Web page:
Atmospheric plasma discharges at a gas-liquid interface have recently paid great attention because of many possible applications. Although chemically reactive species, e.g., OH, O, O3, H2O2, play an important role in many applications, their transport mechanism has not yet been clarified. In this study, flow fields in air and water were observed to elucidate the mechanism of chemical species transport. We used a dielectric barrier discharge ignited between a metal pin electrode and the surface of water by applying high AC voltage of negative polarity to the metal pin electrode. To visualize the chemical species distribution in the water, methyl red solution was used and color change was observed. In addition, the relationship between the flow field and the color change of methyl red solution was examined. Furthermore, a computational study was conducted to understand the effect of the flow on the chemical species transport. The results show that the chemical species in the water were transported mainly by the circulating flow induced by the discharge.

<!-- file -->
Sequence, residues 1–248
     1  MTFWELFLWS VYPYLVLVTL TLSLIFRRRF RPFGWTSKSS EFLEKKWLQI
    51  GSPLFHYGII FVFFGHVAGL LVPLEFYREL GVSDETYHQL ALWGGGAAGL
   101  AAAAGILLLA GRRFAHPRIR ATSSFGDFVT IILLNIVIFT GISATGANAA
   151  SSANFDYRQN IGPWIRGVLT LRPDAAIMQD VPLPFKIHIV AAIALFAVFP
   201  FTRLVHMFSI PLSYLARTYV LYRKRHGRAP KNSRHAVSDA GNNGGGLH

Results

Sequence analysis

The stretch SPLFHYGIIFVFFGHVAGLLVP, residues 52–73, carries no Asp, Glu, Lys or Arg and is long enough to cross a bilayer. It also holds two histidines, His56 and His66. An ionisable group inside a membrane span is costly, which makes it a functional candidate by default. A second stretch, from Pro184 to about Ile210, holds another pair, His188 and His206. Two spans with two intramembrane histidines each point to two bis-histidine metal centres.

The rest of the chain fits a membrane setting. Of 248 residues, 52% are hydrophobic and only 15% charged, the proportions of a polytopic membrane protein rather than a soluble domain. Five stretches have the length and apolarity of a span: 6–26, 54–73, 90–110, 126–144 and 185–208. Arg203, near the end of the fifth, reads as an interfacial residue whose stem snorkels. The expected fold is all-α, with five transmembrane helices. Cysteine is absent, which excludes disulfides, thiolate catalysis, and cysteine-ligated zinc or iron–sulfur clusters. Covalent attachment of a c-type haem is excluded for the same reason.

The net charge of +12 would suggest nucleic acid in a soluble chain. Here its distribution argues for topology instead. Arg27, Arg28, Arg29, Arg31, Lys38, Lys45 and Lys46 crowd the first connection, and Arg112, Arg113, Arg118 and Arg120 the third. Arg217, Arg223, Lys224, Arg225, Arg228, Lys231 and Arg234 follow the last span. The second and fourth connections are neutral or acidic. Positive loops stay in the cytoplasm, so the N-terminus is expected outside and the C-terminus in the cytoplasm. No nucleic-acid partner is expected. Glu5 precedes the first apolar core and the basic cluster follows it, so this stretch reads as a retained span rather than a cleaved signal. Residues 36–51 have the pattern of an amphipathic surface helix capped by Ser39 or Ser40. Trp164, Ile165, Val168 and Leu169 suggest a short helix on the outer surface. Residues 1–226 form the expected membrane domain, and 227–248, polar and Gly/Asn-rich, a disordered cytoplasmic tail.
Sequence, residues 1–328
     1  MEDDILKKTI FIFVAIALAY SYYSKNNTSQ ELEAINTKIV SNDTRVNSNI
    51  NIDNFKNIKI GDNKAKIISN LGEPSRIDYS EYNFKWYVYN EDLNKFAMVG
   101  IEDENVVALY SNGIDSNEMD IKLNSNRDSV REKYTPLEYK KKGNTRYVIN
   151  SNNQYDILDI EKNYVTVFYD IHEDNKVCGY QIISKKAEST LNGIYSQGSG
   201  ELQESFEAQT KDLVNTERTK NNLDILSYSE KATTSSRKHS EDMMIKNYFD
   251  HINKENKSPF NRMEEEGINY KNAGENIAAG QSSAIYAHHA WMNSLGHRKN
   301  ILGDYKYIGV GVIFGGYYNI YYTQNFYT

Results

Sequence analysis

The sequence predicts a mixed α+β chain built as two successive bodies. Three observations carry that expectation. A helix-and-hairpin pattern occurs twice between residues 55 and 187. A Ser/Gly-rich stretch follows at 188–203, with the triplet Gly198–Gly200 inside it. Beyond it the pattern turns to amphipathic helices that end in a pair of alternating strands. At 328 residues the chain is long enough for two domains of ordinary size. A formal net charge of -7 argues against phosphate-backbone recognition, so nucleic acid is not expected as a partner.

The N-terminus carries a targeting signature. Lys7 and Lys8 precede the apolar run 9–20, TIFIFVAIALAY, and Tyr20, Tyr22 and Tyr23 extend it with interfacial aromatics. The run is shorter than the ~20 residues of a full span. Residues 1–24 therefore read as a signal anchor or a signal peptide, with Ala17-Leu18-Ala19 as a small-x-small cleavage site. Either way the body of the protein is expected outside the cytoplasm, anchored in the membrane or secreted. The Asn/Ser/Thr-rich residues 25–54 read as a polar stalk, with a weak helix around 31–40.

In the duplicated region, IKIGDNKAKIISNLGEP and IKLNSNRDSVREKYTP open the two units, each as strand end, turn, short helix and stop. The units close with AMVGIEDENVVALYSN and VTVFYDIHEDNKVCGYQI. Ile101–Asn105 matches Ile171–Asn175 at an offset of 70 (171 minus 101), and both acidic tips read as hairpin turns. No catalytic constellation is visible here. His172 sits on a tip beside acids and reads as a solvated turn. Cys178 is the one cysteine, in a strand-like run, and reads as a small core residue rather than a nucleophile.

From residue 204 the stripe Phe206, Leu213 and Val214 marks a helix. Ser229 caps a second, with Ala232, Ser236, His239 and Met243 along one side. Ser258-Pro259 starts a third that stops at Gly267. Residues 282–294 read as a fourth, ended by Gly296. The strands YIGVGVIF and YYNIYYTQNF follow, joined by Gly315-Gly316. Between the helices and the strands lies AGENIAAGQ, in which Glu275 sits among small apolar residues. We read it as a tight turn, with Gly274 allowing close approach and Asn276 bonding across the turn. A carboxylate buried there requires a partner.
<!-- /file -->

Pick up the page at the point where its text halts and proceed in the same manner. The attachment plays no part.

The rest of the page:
- Atmospheric pressure discharge
- Flow formation in air and water
- Negative voltage
- Plasma chemistry
- Plasma-water interaction